All OS's are fundamentally flawed. XP is old and has a multitude flaws and has been replaced and its replacements replaced. Continuing to use it is unsafe. You might as well be in a 1959 Bel Air. It will get you where you want to go, just not safely.
 
2014-04-08 10:56:17 PM
So the new OS's are free if you have XP?

All you people saying "there is no reason to be on XP" are obviously not the ones paying for the upgrades.  You have a system, it works for what you need in your business, you have no need to upgrade, at all, and now its "hey yea about that, here's a bill".  Just about everything a government or office out there does, thats not a tech type of firm, can do it all on XP.

And this of course doesn't count the cost of installing drivers, having potential hardware issues etc.  This was less an issue in the past because the computers could do so much more year after year, that did effect business, that upgrading came with new hardware.  We are at a point where the average place just doesn't need anything more.
 
2014-04-08 11:33:57 PM

cptjeff: Well built stuff doesn't break constantly.


No, it doesn't. It breaks unexpectedly. When you have critical hardware under your command, unexpected failures are much, much worse.

 

cptjeff: Planned obsolescence is building shiat cheaply so that you're forced to replace it on a regular basis.


No, it's not; no matter how much you'd like to change the definition.  What you describe, though it exists, is simply greed. Though if you buy cheap crap or shiney objects in the first place, that's entirely your fault. Sticking a time bomb on your hardware or software is one thing; extrapolating the state of the art in 5-10 years and adjusting your product line accordingly is different. You have old stuff? Keep your install discs around and there's no reason you can't use your software to your hearts content until the hardware breaks.

cptjeff: My point is that when you have stuff that's designed to last for a long time, you should be able to have a stable platform to build it on. Why the fark should I replace my piece of highly specialized equipment on your schedule? Why can't I build something to last 50 years? We can build stuff that lasts that long. It's not that hard, but you're saying that I should plan to replace equipment designed and built to last a century every 15 years because you think it's good to just force everybody to replace everything on some arbitrary timescale.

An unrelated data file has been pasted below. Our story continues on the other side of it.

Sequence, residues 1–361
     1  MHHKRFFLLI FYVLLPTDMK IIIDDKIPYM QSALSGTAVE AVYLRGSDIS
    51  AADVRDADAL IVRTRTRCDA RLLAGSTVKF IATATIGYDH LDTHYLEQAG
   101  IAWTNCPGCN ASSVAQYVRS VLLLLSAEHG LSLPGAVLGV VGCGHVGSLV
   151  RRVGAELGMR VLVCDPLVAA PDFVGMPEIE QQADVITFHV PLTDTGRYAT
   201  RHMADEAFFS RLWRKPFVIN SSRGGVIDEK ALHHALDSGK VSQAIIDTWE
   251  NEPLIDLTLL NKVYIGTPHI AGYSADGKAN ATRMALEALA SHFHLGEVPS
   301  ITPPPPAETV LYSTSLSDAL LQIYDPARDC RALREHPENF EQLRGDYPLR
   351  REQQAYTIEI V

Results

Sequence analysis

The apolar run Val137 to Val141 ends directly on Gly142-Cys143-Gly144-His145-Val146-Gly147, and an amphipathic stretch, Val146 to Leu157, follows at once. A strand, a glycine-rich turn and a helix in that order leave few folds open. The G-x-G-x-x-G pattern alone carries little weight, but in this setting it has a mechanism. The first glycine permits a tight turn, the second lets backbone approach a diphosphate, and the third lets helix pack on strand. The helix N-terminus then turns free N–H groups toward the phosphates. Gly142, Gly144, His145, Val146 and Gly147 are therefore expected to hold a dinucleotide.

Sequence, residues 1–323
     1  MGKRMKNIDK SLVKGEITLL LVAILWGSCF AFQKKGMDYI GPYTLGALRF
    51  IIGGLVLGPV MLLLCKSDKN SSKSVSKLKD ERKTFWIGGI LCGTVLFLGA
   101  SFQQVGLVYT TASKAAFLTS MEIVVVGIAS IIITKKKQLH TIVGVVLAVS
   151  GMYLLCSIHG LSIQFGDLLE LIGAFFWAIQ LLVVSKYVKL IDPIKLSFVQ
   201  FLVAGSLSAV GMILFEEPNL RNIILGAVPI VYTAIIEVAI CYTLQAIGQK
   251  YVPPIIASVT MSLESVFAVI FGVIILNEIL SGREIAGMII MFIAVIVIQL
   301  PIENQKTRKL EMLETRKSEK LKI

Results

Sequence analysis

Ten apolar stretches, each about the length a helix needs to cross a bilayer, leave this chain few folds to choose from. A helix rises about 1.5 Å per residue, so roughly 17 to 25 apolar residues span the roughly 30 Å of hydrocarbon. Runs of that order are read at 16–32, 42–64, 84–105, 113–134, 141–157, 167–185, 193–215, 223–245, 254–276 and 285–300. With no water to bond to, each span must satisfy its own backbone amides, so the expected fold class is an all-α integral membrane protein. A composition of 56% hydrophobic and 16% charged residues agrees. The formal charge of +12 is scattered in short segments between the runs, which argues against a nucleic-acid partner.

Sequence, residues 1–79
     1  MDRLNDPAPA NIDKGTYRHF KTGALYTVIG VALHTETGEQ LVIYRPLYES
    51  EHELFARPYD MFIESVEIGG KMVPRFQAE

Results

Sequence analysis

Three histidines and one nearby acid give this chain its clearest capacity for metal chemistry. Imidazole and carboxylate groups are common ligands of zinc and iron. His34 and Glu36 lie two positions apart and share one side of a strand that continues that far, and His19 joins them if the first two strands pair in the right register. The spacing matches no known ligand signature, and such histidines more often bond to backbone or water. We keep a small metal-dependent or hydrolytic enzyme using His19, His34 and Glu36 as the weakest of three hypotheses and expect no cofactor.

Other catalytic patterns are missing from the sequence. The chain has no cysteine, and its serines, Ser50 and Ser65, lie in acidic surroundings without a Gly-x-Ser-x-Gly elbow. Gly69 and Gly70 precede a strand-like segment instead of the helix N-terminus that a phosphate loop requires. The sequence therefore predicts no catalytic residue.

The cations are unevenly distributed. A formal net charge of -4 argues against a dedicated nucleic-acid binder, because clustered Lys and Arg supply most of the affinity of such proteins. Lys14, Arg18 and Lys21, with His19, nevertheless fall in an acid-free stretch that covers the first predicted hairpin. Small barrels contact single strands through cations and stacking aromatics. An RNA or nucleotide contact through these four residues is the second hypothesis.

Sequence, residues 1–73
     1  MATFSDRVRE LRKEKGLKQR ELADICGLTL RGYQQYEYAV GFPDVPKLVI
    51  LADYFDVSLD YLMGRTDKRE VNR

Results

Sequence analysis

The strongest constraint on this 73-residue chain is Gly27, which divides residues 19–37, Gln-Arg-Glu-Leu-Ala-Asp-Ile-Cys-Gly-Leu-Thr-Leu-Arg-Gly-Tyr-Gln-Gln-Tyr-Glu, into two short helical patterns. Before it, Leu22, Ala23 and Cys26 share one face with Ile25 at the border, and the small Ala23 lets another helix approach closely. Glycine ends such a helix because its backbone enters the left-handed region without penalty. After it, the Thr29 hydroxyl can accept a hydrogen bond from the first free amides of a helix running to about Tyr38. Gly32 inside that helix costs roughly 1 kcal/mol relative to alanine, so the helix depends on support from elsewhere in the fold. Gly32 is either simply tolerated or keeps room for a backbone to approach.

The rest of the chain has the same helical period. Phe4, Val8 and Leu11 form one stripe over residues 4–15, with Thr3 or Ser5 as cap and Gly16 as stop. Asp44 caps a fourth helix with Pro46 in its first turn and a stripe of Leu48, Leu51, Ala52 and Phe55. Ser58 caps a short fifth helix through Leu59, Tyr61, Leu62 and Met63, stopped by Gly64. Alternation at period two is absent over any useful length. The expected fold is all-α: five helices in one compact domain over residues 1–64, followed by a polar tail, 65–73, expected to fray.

It's not hard? Replace equipment built to last a century? And here I thought you were being forced to buy cheap crap that you have to replace regularly. You just got done telling that other guy that there's little you can do on your computer that you couldn't do 10 years ago; unless you're posting on an altair 8800, why are you even bringing up half-century+ time scales?

cptjeff: The problem here is that I wouldn't be throwing stuff out when it breaks. The problem is that I'd be forced to throw stuff out before well it breaks. I like to fix things when they break, but I'll replace them if I have to.


Is the garbage man breaking into your house and stealing your scanner? Who, then, is forcing you to do anything?

And why can't you fix everything? Likely because you can't find spare parts? See, the thing is, no one's forcing you to upgrade to anyone's schedule. You're making this way too personal. We both know that no one's going to kick your door down and Office Space your scanner into oblivion. Fix your scanner, upgrade it,  do nothing. No one else cares. But what no one wants to do is sell you spare parts on YOUR schedule 15 years down the line. And then the next guys schedule, and the next guys, and the guy after that, and so on. And why should they? Why should your scanner manufacturer cater to YOU personally? Scanner drivers don't work with 64 bit? Well, get windows 7 32 bit. Or do nothing. Just don't expect them to pay someone to create an update to ancient drivers when they'd rather pay someone to create newer drivers for a better system. What will you do if the controller card burns out? Should the company that manufactured the controller cards restart that line just so you can have one more card? And what if it's just once of the ICs on the card that burned, and that IC's been discontinued in favor of something better? Should they do a new lot run just for you? What if that IC design has been lost because the IC manufacturer has gone out of business? Should they pay to start up a wafer fab just for so they can produce one more IC? Oh, and I hope that IC's not attached with leaded solder; some places aren't allowed to use or work with that anymore. Should we change the laws back for you?